10. Barron, Kai & Gamboa, Luis F. & Rodriguez-Lesmes, Paul, 2017. "Behavioural response to a sudden health risk: Dengue and educational outcomes in Colombia," Discussion Papers, Research Unit: Economics of Change SP II 2017-306, Social Science Research Center Berlin (WZB).
    11. Francis, Andrew M., 2008. "The economics of sexuality: The effect of HIV/AIDS on homosexual behavior in the United States," Journal of Health Economics, Elsevier, vol. 27(3), pages 675-689, May.
    12. Jeff DeSimone, 2005. "Needle exchange programs and drug injection behavior," Journal of Policy Analysis and Management, John Wiley & Sons, Ltd., vol. 24(3), pages 559-577.
    13. Phillip B. Levine, 2001. "The Sexual Activity and Birth-Control Use of American Teenagers," NBER Chapters,in: Risky Behavior among Youths: An Economic Analysis, pages 167-218 National Bureau of Economic Research, Inc.
    14. Toxvaerd, Flavio, 2010. "Recurrent Infection and Externalities in Prevention," CEPR Discussion Papers 8112, C.E.P.R. Discussion Papers.
    15. Graff Zivin, Joshua & Neidell, Matthew, 2009. "Days of haze: Environmental information disclosure and intertemporal avoidance behavior," Journal of Environmental Economics and Management, Elsevier, vol. 58(2), pages 119-128, September.
    16. Abrigo, Michael R.M., 2017. "HIV/AIDS Knowledge and Sexual Behavior of Female Young Adults in the Philippines," Discussion Papers DP 2017-33, Philippine Institute for Development Studies.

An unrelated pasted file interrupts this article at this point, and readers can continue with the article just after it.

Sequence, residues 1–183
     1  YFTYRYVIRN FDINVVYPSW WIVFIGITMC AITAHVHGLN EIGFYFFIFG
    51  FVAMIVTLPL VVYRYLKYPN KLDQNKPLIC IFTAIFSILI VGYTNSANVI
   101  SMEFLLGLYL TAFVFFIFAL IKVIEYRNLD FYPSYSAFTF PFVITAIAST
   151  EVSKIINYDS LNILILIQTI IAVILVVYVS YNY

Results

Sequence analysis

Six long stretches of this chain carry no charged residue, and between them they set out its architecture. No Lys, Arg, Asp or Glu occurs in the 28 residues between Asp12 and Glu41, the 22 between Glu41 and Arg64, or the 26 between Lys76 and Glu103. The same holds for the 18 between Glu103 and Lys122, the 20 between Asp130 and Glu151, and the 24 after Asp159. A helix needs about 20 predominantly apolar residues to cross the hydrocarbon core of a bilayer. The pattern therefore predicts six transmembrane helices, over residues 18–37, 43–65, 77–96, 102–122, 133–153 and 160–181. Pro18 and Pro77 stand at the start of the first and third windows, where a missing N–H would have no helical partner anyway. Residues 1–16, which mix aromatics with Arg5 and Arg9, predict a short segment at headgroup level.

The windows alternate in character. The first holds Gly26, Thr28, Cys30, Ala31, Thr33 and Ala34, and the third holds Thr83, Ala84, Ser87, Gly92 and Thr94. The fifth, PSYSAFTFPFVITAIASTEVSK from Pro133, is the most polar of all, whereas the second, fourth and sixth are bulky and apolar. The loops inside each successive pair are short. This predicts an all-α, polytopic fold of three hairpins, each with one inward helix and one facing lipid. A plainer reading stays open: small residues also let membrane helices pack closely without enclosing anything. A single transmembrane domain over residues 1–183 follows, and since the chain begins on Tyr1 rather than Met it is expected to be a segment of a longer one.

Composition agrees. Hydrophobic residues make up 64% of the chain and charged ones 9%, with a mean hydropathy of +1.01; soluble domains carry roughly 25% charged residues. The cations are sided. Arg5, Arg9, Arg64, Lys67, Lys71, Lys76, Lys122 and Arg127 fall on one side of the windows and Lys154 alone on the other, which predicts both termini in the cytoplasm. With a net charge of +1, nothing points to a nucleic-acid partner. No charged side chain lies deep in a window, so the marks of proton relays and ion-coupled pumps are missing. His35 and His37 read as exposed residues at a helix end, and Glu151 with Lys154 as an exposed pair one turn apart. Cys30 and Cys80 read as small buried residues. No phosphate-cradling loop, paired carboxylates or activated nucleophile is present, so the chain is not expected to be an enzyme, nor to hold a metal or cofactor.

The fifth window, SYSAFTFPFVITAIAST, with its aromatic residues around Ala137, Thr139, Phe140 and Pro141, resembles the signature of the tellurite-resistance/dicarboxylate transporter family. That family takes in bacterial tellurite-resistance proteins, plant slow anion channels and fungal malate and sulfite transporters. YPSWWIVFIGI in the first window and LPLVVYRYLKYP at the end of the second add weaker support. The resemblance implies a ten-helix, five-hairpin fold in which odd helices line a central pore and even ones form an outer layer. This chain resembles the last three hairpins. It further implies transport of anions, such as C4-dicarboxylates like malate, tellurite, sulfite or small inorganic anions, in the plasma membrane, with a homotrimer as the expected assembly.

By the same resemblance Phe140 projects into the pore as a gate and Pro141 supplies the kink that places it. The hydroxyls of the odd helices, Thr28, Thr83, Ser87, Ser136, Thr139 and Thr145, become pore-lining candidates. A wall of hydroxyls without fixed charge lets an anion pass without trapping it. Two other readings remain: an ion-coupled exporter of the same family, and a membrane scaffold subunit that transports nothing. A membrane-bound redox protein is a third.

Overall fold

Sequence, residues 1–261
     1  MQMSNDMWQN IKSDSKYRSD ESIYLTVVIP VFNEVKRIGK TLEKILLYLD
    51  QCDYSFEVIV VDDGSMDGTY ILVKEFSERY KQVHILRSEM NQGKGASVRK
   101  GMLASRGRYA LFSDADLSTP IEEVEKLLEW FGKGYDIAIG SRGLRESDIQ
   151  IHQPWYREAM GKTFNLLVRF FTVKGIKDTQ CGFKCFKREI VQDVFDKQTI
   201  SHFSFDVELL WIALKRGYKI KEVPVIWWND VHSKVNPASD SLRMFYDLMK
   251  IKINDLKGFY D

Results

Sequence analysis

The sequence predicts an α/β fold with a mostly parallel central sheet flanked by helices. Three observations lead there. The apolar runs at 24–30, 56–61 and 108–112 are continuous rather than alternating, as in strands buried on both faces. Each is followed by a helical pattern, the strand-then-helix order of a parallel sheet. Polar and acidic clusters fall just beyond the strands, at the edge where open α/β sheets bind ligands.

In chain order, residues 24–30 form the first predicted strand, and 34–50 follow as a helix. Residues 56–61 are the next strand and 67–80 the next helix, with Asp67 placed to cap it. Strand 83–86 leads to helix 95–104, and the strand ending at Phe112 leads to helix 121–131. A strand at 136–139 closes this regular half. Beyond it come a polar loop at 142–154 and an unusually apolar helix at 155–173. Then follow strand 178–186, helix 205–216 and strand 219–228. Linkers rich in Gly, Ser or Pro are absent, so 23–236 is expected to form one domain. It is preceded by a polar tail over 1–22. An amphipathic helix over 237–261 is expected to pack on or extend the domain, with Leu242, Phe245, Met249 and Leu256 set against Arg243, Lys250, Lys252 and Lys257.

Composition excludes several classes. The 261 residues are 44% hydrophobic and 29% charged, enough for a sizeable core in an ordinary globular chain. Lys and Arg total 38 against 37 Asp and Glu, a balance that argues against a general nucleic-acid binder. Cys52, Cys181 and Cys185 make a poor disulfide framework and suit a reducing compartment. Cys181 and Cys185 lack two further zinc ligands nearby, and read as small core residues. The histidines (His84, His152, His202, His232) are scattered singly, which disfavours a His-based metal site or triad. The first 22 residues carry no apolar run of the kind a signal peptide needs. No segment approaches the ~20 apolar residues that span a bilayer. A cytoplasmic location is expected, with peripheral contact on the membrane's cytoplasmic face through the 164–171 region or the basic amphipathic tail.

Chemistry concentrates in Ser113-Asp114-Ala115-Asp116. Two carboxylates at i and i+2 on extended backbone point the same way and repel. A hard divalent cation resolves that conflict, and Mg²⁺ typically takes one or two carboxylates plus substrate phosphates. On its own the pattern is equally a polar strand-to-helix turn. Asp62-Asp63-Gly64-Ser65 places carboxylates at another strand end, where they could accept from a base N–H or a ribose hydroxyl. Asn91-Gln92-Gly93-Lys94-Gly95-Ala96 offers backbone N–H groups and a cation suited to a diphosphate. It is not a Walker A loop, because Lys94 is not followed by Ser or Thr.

17. Momota, Akira & Tabata, Ken & Futagami, Koichi, 2005. "Infectious disease and preventive behavior in an overlapping generations model," Journal of Economic Dynamics and Control, Elsevier, vol. 29(10), pages 1673-1700, October.
    18. Thomas A. Mroz & Gabriel Picone & Frank Sloan & Arseniy P. Yashkin, 2016. "Screening For A Chronic Disease: A Multiple Stage Duration Model With Partial Observability," International Economic Review, Department of Economics, University of Pennsylvania and Osaka University Institute of Social and Economic Research Association, vol. 57, pages 915-934, August.
    19. Matthew J. Neidell, 2008. "Information, Avoidance Behavior, and Health: The Effect of Ozone on Asthma Hospitalizations," NBER Working Papers 14209, National Bureau of Economic Research, Inc.
    20. Francis, Andrew M. & Mialon, Hugo M. & Peng, Handie, 2012. "In sickness and in health: Same-sex marriage laws and sexually transmitted infections," Social Science & Medicine, Elsevier, pages 1329-1341.
    21. Daniel S. Hamermesh, 1999. "The Art of Labormetrics," NBER Working Papers 6927, National Bureau of Economic Research, Inc.
    22. Francis, Andrew M. & Mialon, Hugo M., 2010. "Tolerance and HIV," Journal of Health Economics, Elsevier, vol. 29(2), pages 250-267, March.
    23. Jeff DeSimone, 2002. "Determinants of Drug Injection Behavior: Economic Factors, HIV Injection Risk and Needle Exchange Programs," NBER Working Papers 9350, National Bureau of Economic Research, Inc.